7. 7. Just as many conventional thermal power stations generate electricity by harnessing the thermal energy released from burning fossil fuels, nuclear power plants convert the energy released from the nucleus of an atom via nuclear fission that takes place in a nuclear reactor.  The heat is removed from the reactor core by a cooling system that uses the heat to generate steam, which drives a steam turbine connected to a generator producing electricity. 
  8. 8. LIFE CYCLE A nuclear reactor is only part of the life-cycle for nuclear power. The process starts with mining (see Uranium mining). Uranium mines are underground, open-pit, or in-situ leach mines.  The uranium ore is extracted, usually converted into a stable and compact form such as yellowcake, and then transported to a processing facility. The yellowcake is converted to uranium hexafluoride, which is then enriched using various techniques   The fuel rods will spend about 3 operational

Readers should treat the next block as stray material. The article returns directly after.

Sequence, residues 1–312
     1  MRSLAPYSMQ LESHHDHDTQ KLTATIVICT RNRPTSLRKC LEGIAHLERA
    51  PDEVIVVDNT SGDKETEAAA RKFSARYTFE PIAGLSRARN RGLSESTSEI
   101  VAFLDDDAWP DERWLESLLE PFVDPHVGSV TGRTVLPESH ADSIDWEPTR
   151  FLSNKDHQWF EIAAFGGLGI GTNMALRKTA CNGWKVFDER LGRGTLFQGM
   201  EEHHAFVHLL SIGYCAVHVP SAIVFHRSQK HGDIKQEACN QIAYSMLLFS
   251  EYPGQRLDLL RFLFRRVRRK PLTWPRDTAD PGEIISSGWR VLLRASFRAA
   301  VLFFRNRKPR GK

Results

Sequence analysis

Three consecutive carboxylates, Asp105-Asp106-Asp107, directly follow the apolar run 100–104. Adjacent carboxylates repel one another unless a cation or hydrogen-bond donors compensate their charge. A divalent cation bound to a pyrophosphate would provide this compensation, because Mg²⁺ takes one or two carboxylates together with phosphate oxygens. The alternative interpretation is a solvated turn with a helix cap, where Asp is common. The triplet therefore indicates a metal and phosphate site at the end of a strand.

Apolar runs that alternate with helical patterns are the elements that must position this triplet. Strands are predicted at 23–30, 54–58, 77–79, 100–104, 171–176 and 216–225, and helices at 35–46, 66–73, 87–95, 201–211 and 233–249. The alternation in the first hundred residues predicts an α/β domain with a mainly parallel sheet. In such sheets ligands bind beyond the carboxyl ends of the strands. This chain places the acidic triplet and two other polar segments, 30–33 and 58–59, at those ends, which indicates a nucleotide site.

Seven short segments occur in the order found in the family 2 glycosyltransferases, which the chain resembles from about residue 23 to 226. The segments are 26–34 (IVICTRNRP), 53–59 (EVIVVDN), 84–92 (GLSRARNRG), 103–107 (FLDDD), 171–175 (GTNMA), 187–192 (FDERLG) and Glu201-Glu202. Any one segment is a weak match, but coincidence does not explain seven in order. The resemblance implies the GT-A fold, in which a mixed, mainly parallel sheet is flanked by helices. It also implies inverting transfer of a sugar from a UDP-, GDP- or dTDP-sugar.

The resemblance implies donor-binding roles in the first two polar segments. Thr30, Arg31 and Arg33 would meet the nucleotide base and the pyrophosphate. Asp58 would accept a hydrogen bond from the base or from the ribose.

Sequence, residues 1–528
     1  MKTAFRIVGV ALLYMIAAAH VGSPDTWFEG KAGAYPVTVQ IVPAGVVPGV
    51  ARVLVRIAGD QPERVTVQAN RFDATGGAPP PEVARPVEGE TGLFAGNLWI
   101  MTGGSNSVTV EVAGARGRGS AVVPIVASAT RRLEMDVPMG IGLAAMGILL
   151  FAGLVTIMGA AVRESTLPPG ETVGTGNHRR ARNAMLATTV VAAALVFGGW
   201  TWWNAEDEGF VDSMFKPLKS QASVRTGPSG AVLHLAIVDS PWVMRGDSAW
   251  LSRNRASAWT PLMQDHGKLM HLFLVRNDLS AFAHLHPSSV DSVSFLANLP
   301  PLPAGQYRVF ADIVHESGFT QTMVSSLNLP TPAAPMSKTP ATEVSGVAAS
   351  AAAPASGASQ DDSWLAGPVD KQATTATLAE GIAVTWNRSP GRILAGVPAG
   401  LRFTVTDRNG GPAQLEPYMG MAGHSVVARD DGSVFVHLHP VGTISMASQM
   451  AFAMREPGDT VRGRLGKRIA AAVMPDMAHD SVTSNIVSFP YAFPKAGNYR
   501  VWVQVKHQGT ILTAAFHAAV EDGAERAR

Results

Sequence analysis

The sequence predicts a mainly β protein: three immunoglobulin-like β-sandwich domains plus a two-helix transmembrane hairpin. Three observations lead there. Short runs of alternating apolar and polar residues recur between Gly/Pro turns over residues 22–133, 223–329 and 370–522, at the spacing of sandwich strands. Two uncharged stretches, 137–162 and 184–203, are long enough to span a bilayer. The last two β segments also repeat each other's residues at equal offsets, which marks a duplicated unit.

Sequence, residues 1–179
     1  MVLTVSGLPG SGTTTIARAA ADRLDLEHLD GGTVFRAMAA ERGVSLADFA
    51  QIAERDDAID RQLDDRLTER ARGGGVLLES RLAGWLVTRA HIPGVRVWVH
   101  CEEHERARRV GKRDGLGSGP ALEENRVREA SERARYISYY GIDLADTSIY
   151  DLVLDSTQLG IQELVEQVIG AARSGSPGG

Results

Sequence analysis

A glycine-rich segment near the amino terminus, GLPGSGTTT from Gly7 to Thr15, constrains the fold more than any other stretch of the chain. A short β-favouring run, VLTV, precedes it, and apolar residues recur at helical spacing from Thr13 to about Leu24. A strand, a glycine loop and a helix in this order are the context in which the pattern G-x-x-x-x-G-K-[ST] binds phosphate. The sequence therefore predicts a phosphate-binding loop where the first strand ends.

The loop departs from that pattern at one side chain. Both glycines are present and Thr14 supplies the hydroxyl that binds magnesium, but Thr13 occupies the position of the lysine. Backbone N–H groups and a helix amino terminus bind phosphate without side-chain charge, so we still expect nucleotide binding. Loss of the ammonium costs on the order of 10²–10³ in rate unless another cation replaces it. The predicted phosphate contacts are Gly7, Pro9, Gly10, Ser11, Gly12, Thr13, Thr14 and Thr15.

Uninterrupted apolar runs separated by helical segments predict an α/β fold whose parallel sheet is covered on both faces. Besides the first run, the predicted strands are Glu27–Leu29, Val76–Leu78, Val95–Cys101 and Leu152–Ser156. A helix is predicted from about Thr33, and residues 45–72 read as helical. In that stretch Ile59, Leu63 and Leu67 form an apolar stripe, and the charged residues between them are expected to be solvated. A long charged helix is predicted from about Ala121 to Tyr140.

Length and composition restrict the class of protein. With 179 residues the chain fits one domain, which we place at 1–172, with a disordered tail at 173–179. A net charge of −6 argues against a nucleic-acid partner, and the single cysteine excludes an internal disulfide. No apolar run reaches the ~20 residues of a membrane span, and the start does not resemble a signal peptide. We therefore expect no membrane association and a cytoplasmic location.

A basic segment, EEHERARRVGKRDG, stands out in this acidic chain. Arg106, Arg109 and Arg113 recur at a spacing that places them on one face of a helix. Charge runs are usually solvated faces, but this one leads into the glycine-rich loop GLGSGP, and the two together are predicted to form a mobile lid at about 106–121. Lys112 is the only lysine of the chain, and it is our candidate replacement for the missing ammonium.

9. 9.  then they will be moved to a spent fuel pool where the short lived isotopes generated by fission can decay away.  After about 5 years in a spent fuel pool the spent fuel is radioactively and thermally cool enough to handle, and it can be moved to dry storage casks or reprocessed.
  10. 10. URANIUM Uranium is a fairly common element in the Earth's crust. Uranium is approximately as common as tin or germanium in Earth's crust, and is about 40 times more common than silver.  Uranium is a constituent of most rocks, dirt, and of the oceans. The fact that uranium is so spread out is a problem because mining uranium is only economically feasible where there is a large concentration.  The cost of nuclear power lies for the most part in the construction of the power station. 
  11. 11. Therefore the fuel's contribution to the overall cost of the electricity produced is relatively small, so even a large fuel price escalation will have relatively little effect on final price.